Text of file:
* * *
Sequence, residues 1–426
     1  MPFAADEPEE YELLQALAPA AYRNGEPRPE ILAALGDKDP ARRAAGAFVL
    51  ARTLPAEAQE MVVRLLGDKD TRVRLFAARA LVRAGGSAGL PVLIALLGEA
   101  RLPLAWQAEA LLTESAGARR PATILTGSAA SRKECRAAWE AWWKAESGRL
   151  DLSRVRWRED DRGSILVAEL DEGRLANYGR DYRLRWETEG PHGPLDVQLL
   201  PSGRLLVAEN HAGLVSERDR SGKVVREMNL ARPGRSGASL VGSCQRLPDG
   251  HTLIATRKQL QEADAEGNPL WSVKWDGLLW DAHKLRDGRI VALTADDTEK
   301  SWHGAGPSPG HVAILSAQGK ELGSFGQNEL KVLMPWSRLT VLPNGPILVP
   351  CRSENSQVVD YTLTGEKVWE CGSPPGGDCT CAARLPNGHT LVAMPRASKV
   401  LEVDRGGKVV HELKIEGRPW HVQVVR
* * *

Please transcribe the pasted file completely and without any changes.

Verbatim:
Sequence, residues 1–426
     1  MPFAADEPEE YELLQALAPA AYRNGEPRPE ILAALGDKDP ARRAAGAFVL
    51  ARTLPAEAQE MVVRLLGDKD TRVRLFAARA LVRAGGSAGL PVLIALLGEA
   101  RLPLAWQAEA LLTESAGARR PATILTGSAA SRKECRAAWE AWWKAESGRL
   151  DLSRVRWRED DRGSILVAEL DEGRLANYGR DYRLRWETEG PHGPLDVQLL
   201  PSGRLLVAEN HAGLVSERDR SGKVVREMNL ARPGRSGASL VGSCQRLPDG
   251  HTLIATRKQL QEADAEGNPL WSVKWDGLLW DAHKLRDGRI VALTADDTEK
   301  SWHGAGPSPG HVAILSAQGK ELGSFGQNEL KVLMPWSRLT VLPNGPILVP
   351  CRSENSQVVD YTLTGEKVWE CGSPPGGDCT CAARLPNGHT LVAMPRASKV
   401  LEVDRGGKVV HELKIEGRPW HVQVVR